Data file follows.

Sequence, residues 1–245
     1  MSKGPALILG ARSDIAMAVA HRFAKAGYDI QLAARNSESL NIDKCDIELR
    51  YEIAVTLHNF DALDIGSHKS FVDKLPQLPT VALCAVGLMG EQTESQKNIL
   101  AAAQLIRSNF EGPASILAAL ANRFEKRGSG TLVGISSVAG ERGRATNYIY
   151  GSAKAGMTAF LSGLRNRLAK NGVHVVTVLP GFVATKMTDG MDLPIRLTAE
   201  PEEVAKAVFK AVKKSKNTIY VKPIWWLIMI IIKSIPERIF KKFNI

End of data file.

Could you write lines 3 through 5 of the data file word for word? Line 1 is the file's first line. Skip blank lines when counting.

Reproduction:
    51  YEIAVTLHNF DALDIGSHKS FVDKLPQLPT VALCAVGLMG EQTESQKNIL
   101  AAAQLIRSNF EGPASILAAL ANRFEKRGSG TLVGISSVAG ERGRATNYIY
   151  GSAKAGMTAF LSGLRNRLAK NGVHVVTVLP GFVATKMTDG MDLPIRLTAE